“If they want to ignore letters from the city, we have other means to take care of this,” Oitzinger said. “And the idea that something should go on for this long and (the property owner) refuses to accept letters from (the city) and so forth … I think that should be unacceptable to city government.”

Skorik reminded the committee that a process for condemnation exists. Moreover, because of the numerous violations detailed in the list, he said the committee must remain judicious in its approach, addressing each individual property within the context of the situation and the violation.

“So let’s not move forward until we been able to fully discuss this matter and look at the procedure that in place for doing that,” Skorik said.


Demlow summarized for the EagleHerald the process which the city uses to enforce property codes. It begins with a letter notifying the individual property owner of the specific violation. Based on the severity of the issue, Demlow generally gives owners 30 to 60 days to correct the issue. He explained that he understands every situation is different and extenuating circumstances can enter the picture.

“I try to give everyone the benefit of the doubt,” he said. “I try to work with everybody as much as possible. I’ve been in the inspection business since 2013 and I have found that by giving people some grace … and working through (the issue) with them, I can gain a lot more compliance.”

Following the first letter and the 30-to-60-day grace period, if the owner still has shown no compliance, Demlow issues a second letter that includes another grace period to fix the problem. If the owner still refuses to comply, Demlow is authorized to begin issuing citations, which vary systematically in amount depending on the nature of the code violation. Those fines run anywhere from $350 to about $1,000 and decree a mandatory court hearing, according to Demlow.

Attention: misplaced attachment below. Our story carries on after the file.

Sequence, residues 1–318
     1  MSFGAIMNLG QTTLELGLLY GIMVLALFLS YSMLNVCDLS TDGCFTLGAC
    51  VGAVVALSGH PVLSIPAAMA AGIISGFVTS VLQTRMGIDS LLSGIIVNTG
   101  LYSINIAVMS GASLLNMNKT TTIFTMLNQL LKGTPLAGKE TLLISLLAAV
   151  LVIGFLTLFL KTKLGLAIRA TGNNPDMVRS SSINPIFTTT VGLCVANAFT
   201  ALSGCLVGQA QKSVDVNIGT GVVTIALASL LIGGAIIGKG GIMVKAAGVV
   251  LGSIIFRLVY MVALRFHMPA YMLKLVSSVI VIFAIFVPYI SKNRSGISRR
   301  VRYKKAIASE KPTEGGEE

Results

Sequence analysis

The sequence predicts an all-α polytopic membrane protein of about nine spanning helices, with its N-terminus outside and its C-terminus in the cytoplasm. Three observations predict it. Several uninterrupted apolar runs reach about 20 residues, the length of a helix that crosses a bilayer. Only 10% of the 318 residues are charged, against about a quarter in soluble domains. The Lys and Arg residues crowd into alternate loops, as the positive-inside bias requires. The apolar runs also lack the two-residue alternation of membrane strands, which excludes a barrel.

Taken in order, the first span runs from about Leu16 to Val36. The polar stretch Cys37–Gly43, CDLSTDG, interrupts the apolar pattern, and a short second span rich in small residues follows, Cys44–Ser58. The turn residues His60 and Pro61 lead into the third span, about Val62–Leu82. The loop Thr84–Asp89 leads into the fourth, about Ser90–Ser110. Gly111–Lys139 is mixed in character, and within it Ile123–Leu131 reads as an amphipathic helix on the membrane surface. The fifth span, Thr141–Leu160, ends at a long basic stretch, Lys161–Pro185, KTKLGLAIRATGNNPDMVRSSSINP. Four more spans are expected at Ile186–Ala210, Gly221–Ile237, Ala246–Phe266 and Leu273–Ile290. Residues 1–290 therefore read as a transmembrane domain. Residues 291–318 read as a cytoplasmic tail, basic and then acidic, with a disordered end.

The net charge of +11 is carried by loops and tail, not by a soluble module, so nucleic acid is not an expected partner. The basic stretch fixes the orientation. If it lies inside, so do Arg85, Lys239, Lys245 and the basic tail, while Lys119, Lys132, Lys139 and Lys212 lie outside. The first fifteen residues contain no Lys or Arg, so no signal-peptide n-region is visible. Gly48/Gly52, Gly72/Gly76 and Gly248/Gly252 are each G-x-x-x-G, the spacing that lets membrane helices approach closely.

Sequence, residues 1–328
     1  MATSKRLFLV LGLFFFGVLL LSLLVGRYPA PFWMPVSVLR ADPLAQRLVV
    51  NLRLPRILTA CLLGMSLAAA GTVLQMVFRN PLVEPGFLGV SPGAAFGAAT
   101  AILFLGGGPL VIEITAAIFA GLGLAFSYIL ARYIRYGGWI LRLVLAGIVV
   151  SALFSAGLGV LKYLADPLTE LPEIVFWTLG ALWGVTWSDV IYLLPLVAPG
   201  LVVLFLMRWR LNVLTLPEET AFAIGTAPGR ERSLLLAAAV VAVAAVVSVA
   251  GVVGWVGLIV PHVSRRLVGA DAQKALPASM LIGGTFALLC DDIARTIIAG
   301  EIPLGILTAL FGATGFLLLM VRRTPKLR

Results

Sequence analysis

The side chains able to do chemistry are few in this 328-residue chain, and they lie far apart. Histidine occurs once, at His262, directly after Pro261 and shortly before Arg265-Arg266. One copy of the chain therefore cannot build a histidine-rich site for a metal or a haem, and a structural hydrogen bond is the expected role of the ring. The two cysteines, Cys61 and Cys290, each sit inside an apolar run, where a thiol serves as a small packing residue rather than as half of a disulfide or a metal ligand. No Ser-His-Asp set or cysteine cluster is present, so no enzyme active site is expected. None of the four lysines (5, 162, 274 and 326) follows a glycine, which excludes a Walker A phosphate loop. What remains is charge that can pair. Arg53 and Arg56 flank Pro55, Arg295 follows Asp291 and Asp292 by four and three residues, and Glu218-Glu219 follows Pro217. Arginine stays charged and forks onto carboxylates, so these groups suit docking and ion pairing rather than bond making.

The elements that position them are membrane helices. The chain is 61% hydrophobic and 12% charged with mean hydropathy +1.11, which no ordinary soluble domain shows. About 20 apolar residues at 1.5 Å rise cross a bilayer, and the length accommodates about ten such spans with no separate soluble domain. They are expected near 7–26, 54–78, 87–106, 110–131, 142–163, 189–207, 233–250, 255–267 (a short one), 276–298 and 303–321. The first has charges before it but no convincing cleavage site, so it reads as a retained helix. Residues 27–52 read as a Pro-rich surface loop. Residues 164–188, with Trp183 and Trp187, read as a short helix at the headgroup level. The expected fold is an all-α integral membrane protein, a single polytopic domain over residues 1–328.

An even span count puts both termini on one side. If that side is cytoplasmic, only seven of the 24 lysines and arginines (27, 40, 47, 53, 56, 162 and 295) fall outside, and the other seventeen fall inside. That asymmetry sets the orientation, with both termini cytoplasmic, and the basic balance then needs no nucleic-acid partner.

“As committee chairperson, I feel that the city, by way of the building inspector works very hard to work with our citizens to give them time and give them the opportunity to get non-compliant properties back to compliance,” Skorik emphasized.

Once the city issues the first citation, technically, every consecutive day the violation is not addressed can result in another citation. However, Demlow rarely proceeds in such a manner. Instead, he continues to work with the property owner, allowing them time to work through the court process. Ultimately, if the owner takes no action the city can escalate to condemnation procedures.

“(Marinette) used to condemn a lot of these properties but there is a significant expense to the city for razing a building,” Demlow said.

If the city has to raze a structure, the cost is applied to the specific property’s taxes. But if the owner has abandoned the property, and stopped tax payments, then those costs are essentially paid by the city. That means that every other responsible Marinette citizen who maintains their property and pays their taxes winds up footing the bill for those few who choose not to.

“And that certainly is not our goal,” Skorik told the EagleHerald. “Our goal is to work with people and try to get properties into compliance.”

He further reiterated that condemnation represents a last resort and that the city takes every possible action to avoid that result.

However, for the more severe and delinquent cases, the city hopes to take a firmer and more timely approach.

“I just think we need to have … some quicker follow-up on the second citation if there is no action (on the first),” said Mayor Steve Genisot. “I think everyone has been reasonable, and (Demlow) has been more than lenient.”